Duke Ellington

By: Evan Reed


  • He won several awards including: -The Presidential Medal of Freedom (by Richard Nixon in 1969) -Grammy Lifetime Achievement Award (in 1966) -PhD from Berkeley for outstanding musicianship (in 1971) Most of his awards were issued to him in the time period of 1965 till his death in 1974. He also wrote over 2,000 compositions in his lifetime in 1899 through 1974.

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    His Affect on African Americans

    Duke Ellington affected many African Americans in a good way. At that time period, a lot black artists were scared to express they're talent because of all of the racial discrimination. Once Duke Ellington started performing in the Cotton Club in NY, many artists came from hiding and started performing with him, or by themselves. Therefore, Duke Ellington had a positive impact on African Americans.
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    What Kind of Music?

    Duke Ellington was an originator of big-band jazz. He produced many jazz songs, like "Take the A Train", and many, many more. He also was an American composer, pianist and bandleader who composed thousands of scores over his 50-year career.
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    Great Music!

    This is a segment from the film Reveille with Beverly from 1943; the song was composed in 1939, by Duke Ellington.
    Duke Ellington, "Take the A Train"

    More Great Music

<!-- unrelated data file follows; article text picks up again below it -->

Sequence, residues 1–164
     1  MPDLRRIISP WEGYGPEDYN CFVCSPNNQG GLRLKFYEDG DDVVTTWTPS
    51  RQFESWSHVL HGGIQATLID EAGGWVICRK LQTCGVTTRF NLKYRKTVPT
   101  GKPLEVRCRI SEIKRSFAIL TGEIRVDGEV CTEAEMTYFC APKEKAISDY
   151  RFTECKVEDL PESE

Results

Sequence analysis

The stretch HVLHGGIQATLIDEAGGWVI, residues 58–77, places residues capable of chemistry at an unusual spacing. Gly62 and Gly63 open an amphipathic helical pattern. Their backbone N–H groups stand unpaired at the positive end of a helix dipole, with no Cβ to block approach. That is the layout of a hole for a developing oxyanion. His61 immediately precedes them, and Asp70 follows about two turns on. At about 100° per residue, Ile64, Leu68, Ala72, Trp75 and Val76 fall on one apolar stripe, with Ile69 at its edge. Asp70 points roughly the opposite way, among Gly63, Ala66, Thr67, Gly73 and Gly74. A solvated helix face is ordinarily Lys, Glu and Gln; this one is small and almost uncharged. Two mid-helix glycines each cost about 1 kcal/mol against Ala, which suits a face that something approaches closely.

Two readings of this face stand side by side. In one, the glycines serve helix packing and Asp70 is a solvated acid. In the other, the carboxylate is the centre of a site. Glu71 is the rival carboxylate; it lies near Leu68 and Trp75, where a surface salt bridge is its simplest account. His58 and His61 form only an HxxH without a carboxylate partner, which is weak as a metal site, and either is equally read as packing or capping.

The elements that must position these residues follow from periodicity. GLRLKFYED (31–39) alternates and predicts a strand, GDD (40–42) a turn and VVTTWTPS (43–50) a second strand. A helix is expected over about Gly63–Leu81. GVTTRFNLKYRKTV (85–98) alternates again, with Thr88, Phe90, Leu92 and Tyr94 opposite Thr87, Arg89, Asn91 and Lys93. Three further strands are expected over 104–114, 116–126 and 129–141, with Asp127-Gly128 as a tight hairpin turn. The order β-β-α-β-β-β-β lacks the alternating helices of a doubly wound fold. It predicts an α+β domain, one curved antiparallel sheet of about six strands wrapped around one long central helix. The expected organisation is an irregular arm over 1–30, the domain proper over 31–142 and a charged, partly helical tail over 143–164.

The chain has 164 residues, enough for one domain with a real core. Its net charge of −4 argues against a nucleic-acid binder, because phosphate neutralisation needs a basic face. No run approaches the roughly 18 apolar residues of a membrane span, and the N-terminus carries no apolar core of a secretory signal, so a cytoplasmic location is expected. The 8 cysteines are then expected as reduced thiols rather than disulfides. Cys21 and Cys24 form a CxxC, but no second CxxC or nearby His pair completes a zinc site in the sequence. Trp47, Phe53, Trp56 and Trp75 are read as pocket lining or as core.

"It Don't Mean a Thing (If It Ain't Got That Swing)" is a 1931 composition by Duke Ellington with lyrics by Irving Mills, now accepted as a jazz standard. The music was written and arranged by Ellington in August 1931 during intermissions at Chicago's Lincoln Tavern and was first recorded by Ellington and his orchestra for Brunswick Records (Br 6265) on February 2, 1932. Ivie Anderson sang the vocal and trombonist Joe Nanton and alto saxophonist Johnny Hodges played the instrumental solos. The title was based on the oft stated credo of Ellington's former trumpeter Bubber Miley, who was dying of tuberculosis. The song became famous, Ellington wrote, "as the expression of a sentiment which prevailed among jazz musicians at the time." Probably the first song to use the phrase "swing" in the title, it introduced the term into everyday language and presaged the Swing Era by three years. The Ellington band played the song continuously over the years and recorded it numerous times, most often with trumpeter Ray Nance as vocalist.
    Duke Ellington - It don't mean a thing (1943)